I have been following the Coloradoan's "Seeking Shelter" series and here's what I've learned since my post last week.

Philanthropist, Pat Stryker purchased land in north Fort Collins as a potential campus site for the homeless. The site has been called a "medical triage" where mental health, rehabilitation, medical services and shelter will be available all under the same roof.

However, there has been community push back for fear of neighborhood safety, creating a "ghetto" situation or bringing down the value of businesses in the area. This has sent City Manager Darin Atteberry back to the drawing board as officials "reset" the conversation.

With an increasing homeless population in Fort Collins, officials are looking to San Antonio, Texas, for means of inspiration. Over the past twelve years, their philanthropist and city funded campus, Haven For Hope, has decreased local homelessness by 80 percent.

At Haven For Hope, services extend well beyond the campus and they've successfully gained community support.This was achieved by opening public medical, dental, vision, mental health and substance abuse clinics.

Haven organizers also opened dental assistant and chef training programs along with child care. Additionally, 140 low-income apartments were built next door to Haven, half of which are occupied by San Antonio residents and the other half by Haven graduates.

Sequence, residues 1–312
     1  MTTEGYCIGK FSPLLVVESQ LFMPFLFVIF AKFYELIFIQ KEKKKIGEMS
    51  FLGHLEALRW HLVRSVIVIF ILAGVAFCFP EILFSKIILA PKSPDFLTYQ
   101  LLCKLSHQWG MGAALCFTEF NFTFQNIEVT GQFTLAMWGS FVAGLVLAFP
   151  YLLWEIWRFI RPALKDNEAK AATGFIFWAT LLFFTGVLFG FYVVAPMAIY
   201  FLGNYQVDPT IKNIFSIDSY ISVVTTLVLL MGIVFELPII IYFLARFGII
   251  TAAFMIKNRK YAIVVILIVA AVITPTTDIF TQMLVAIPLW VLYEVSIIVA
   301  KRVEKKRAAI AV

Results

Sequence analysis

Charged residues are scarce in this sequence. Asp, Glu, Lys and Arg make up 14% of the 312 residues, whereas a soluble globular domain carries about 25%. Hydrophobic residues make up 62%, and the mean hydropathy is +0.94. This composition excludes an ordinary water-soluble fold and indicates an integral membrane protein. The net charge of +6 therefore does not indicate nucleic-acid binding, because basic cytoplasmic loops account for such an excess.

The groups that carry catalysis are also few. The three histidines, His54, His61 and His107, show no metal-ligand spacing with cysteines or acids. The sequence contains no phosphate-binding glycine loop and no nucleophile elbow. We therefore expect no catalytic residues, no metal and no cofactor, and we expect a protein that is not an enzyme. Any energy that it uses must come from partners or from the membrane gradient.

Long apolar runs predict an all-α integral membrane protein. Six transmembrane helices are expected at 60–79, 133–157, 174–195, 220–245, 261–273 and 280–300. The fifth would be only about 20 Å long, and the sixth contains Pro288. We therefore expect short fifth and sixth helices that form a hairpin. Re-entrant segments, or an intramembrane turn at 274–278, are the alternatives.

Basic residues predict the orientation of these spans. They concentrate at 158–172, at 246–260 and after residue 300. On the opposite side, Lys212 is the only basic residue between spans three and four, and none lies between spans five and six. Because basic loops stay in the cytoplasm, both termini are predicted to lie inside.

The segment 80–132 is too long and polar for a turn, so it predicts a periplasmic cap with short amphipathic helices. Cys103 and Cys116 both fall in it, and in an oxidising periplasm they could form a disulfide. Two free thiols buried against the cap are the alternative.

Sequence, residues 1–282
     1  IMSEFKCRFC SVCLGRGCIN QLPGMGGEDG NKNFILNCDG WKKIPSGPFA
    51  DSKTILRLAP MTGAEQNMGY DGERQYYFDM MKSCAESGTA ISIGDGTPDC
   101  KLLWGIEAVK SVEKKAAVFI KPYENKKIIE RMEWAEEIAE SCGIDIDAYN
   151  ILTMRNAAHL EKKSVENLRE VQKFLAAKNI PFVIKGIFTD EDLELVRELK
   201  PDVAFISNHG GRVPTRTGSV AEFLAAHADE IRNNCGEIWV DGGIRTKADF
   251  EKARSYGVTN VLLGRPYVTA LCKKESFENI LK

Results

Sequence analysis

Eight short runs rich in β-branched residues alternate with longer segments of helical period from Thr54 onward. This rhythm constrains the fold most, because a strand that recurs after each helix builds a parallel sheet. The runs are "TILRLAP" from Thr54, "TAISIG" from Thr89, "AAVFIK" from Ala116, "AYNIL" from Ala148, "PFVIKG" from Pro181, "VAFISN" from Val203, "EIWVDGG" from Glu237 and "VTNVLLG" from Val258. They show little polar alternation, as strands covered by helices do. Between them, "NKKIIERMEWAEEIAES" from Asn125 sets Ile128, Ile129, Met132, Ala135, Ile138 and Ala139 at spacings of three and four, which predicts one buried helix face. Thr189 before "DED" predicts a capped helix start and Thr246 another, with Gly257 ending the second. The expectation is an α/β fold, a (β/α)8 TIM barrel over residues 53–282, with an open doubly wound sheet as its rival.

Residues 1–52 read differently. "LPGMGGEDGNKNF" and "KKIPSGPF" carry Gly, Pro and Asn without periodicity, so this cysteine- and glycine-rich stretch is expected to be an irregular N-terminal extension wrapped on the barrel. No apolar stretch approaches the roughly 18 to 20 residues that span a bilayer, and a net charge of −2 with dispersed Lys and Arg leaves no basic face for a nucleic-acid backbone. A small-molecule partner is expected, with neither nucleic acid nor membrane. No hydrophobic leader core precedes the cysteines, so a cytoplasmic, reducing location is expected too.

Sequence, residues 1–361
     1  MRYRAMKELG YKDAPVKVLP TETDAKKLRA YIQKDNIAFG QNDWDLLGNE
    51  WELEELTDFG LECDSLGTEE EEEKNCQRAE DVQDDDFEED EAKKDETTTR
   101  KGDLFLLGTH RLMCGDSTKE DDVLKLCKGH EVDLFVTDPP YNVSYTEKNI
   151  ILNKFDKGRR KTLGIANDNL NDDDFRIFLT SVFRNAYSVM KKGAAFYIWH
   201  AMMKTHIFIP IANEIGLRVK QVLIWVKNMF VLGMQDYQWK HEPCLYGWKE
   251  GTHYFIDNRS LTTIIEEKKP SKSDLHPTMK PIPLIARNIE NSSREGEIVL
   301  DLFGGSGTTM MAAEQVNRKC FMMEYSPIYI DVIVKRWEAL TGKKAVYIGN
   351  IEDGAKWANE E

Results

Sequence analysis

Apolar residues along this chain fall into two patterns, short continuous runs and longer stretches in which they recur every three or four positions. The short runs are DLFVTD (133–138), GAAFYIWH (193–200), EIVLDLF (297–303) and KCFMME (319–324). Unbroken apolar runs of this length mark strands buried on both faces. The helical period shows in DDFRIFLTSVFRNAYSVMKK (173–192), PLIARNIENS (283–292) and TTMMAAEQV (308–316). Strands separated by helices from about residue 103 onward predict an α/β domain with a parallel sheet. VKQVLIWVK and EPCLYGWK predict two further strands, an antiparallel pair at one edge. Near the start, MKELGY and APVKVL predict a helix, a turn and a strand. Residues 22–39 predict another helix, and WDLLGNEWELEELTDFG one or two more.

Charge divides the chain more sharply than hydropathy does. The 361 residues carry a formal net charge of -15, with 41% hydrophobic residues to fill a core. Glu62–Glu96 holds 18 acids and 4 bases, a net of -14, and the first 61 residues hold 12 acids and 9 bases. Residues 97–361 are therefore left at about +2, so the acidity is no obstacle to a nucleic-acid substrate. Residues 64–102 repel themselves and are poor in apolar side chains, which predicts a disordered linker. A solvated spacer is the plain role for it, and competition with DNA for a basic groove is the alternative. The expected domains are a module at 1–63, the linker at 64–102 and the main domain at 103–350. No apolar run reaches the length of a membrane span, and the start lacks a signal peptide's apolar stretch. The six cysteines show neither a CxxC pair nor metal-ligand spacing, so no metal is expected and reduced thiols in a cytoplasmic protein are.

Police keep an eye on known campsites and issue 72-hour notices of encampment clean outs. They also provide information about Haven For Hope which offers a courtyard, a bed for everyone who enters and three hot meals a day.

Not everyone chooses Haven For Hope, as women and men are separated at night and animals are not allowed. This doesn't prevent Haven Outreach Manager, Ron Brown, from visiting encampments to distribute water, bus passes, hygiene kits and clean socks.

Haven For Hope also helps the older homeless population to regain their social security which is often stopped due to lack of address.

All and all, Haven For Hope says their success isn't measured buy how many people come to Haven but by how the homeless are cared for even as they remain on the street.

There's a lot to unpack here and multiple learning opportunities for officials as we move toward a solution to the escalating Fort Collins homeless crisis.